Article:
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Mad about the Foy

from The Stage / by Matthew Hemley

With both Upstairs Downstairs and White Heat being screened on the BBC this month, Claire Foy talks to Matthew Hemley about feeling surprisingly comfortable in front of the camera

Claire Foy has been busy filming that much for television in recent months, she needs a reminder about which show it is I’m referring to when I mention I’ve seen the first two episodes of her latest drama.

“Is that White Heat?,” she asks.

Yes, I respond. Although, to be fair, it could easily have been Upstairs Downstairs, which also stars Foy and which is also being broadcast by the BBC this month. Indeed, since taking the title role in the BBC’s adaptation of Little Dorrit back in 2008, Foy has rarely been off our screens.

She appeared in Terry Pratchett’s Going Postal for Sky, took the lead in Peter Kosminsky’s The Promise for Channel 4, joined the cast for the BBC’s adaptation of The Night Watch, and has recently tackled comedy with Hacks. In between, she has also found time to star alongside Nicolas Cage in the Hollywood film Season of the Witch and is now back on the BBC with a second series of Upstairs Downstairs and White Heat.

The latter is a six-part drama series by Paula Milne (who also adapted The Night Watch for the BBC) and is about the lives of seven characters, with the series spanning the 1960s through to present day. The seven characters first meet as young students who live as flat mates in London’s Tufnell Park. The series then follows them over four decades as their lives are shaped by the political events of each era – including the death of Churchill and the ascendancy of Thatcher, up to the present day.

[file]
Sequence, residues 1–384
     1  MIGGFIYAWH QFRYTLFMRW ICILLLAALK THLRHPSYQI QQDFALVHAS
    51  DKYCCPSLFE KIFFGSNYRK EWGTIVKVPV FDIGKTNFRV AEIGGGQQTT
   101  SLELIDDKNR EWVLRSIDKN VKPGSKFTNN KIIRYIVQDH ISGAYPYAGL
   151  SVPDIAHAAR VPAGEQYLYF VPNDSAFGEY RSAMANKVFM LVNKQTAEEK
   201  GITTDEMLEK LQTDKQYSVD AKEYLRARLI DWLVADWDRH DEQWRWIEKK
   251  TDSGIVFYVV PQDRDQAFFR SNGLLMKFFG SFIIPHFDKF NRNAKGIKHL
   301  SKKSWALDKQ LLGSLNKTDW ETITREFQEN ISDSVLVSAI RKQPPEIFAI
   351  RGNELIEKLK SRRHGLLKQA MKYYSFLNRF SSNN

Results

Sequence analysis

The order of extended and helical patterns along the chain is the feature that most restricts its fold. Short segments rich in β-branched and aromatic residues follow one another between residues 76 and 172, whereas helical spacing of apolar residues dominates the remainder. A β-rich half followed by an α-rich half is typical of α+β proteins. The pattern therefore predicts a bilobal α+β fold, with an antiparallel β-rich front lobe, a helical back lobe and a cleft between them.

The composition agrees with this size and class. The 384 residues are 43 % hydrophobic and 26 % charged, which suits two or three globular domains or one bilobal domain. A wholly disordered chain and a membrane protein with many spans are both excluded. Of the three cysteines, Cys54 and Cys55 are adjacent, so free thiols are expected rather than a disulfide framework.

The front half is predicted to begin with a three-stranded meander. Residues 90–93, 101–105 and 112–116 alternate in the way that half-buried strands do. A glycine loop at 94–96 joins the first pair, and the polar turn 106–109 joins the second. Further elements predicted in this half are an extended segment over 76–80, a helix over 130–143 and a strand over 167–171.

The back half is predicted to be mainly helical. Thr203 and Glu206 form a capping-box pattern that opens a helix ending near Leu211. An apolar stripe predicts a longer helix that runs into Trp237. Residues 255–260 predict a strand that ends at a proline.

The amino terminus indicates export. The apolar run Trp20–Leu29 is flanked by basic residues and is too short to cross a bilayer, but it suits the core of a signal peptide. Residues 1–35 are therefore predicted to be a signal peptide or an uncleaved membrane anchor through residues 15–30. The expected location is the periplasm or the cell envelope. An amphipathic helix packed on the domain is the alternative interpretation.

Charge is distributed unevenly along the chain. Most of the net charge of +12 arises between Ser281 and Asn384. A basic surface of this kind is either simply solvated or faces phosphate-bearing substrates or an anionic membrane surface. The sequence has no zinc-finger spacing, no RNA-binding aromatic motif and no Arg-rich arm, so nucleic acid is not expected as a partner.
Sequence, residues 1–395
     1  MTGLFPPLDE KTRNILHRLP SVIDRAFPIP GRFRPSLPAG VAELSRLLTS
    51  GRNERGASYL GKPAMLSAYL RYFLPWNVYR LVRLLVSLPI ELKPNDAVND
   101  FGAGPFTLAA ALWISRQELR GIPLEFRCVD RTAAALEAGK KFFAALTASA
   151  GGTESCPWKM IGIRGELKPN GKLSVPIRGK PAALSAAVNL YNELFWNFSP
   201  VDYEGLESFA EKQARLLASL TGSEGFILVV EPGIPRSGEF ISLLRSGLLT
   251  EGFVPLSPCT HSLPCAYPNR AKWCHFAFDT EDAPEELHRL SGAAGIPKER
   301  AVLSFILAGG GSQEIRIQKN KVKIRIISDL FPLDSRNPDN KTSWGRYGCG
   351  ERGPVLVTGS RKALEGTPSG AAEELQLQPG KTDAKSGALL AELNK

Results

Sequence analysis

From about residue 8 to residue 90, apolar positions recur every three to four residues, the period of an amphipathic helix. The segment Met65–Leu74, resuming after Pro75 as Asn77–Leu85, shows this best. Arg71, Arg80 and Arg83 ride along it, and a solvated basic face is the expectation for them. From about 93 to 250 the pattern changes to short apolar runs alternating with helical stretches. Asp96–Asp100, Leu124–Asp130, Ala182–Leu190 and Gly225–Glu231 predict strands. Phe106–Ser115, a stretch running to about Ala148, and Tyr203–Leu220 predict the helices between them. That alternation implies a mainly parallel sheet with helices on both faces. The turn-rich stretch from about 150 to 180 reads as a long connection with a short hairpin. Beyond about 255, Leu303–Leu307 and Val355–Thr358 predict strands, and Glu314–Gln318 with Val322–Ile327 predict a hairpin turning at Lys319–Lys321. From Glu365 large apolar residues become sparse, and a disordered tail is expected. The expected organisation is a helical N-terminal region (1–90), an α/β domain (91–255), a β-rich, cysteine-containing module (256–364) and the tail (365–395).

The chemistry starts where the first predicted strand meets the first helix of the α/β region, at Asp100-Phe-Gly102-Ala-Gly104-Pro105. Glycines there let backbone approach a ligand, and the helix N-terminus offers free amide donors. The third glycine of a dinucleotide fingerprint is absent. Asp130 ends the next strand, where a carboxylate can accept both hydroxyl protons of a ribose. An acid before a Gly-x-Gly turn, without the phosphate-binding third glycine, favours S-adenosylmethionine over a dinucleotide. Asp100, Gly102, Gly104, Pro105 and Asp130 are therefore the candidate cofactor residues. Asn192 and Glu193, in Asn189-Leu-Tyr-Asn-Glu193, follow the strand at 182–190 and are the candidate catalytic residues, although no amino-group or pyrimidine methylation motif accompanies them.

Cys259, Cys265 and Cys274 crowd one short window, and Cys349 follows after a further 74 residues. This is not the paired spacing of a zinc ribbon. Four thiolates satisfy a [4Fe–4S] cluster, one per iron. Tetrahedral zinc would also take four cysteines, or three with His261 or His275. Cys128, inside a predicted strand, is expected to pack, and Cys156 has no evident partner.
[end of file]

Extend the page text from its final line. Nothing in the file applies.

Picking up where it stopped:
In the series, Foy plays Charlotte, who is described as an “intelligent feminist”. However, Foy was initially called in to audition for another part.

“They wanted me to go up for another role, but I said, I think I like Charlotte,” she reveals, adding with a laugh: “That sounds bad because she is the main part, but ignore that.”

Charlotte, she says, is the “most normal” person she has played. In the series, Foy has to portray her up to the age of 40, which she says required “ageing up” (she is 27).

“At first we were all like, crikey, we have to play 40-year-olds,” she says. “But it’s not really that much of a leap. People who are 40 don’t walk with Zimmer frames. No one at the age of 40 feels like a 100-year-old. They feel just like they did when they were 18. That was interesting.”

While Foy and her co-stars play their roles up to the age of 40, each character also has an even older version of themselves in the series.

Foy’s is played by Juliet Stevenson.

“They had a hard job, because they came in and played a role we had already done,” Foy explains. “But Juliet watched what we had shot, and we could have talked about the character had we needed to. But there was no need to do that and, in a way, I hope it works for that reason.”

For her own part, Foy was meticulous about combing Milne’s script for clues about her character. This way of working, she says, is absolutely vital to her. When she was a student at the Oxford School of Drama, a director called Richard Beecham told her that an actor has to use the clues that are in a script.